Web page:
The numbers are in on the Aug. 4-6 Lollapalooza festival in Chicago's Grant Park, and they blow last year's event out of the park. The event grossed nearly $8 million in ticket sales, with total paid

The numbers are in on the Aug. 4-6 Lollapalooza festival in Chicago's Grant Park, and they blow last year's event out of the park. The event grossed nearly $8 million in ticket sales, with total paid attendance of more than 166,000.

Last year's Lolla, the first as a one-off festival, had a total paid attendance of 60,000 and a gross of about $3 million from a two-day event.

Charles Attal, president of Charles Attal Presents, talent buyer and co-producer of Lollapalooza with Capital Sports & Entertainment, describes this year's Lollapalooza as "very smooth. There were no major incidents, the weather was awesome. It was remarkable."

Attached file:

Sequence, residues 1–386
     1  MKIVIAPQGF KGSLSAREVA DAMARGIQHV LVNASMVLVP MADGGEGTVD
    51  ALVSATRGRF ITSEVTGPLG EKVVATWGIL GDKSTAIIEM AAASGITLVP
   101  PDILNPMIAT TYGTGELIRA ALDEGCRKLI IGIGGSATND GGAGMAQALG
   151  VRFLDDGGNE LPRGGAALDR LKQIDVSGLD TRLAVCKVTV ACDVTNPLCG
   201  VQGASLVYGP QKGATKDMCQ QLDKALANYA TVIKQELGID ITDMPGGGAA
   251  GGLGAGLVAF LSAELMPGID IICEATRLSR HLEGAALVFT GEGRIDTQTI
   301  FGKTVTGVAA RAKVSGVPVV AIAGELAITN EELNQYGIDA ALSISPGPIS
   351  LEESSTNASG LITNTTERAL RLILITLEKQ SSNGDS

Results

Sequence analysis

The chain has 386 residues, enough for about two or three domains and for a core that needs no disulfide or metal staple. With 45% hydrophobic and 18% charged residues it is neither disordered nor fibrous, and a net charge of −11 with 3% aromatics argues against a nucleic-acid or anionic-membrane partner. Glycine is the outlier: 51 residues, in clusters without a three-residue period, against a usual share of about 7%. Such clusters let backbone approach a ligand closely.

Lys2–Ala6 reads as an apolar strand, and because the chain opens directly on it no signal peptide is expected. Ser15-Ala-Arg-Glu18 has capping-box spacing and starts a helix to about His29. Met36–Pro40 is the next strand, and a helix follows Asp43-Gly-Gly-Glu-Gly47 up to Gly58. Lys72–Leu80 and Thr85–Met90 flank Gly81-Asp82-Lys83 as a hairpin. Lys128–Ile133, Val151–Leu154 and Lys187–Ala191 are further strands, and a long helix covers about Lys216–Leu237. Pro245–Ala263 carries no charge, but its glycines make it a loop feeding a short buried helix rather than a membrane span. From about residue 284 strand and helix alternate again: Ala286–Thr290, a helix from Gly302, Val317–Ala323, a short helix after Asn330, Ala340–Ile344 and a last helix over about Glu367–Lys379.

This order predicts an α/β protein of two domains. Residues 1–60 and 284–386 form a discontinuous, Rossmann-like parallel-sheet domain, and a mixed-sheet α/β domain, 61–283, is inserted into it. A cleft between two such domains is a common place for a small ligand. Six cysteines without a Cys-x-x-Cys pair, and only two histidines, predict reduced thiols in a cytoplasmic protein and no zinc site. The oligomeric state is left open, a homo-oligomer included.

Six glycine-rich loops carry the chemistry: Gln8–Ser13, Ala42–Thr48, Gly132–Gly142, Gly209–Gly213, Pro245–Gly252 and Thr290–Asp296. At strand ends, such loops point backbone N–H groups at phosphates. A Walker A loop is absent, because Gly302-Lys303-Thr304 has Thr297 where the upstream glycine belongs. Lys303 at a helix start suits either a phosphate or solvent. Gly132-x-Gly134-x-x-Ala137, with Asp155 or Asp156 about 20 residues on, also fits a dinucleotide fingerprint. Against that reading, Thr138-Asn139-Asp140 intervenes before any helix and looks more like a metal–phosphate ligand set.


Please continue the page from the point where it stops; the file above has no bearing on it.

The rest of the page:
Daily attendance was 52,000 the first day, 56,000 the second day and 59,000 the third day when headliners Red Hot Chili Peppers closed the event.

Lollapalooza had an uneven history as a touring event, but ended on a negative note when the 2004 tour failed to ever get off the ground due to dismal ticket sales. Charles Attal and CSE resurrected the brand last summer as a festival. Asked why the Chicago Lollapalooza has exploded, Attal cites several reasons.

"The brand, it's the park, it's the bands we have," he says. "I think it's only going to get bigger and better."

CSE and Attal also produce the Austin City Limits Music Festival in Austin. Lollapalooza co-producer Charlie Jones of Capital Sports & Entertainment says his core staff have been together since the first ACL fest in 2002. "I can honestly say this is probably the smoothest event I've ever been a part of," says Jones. "I think it's a testament to the fact that our staff has arrived."

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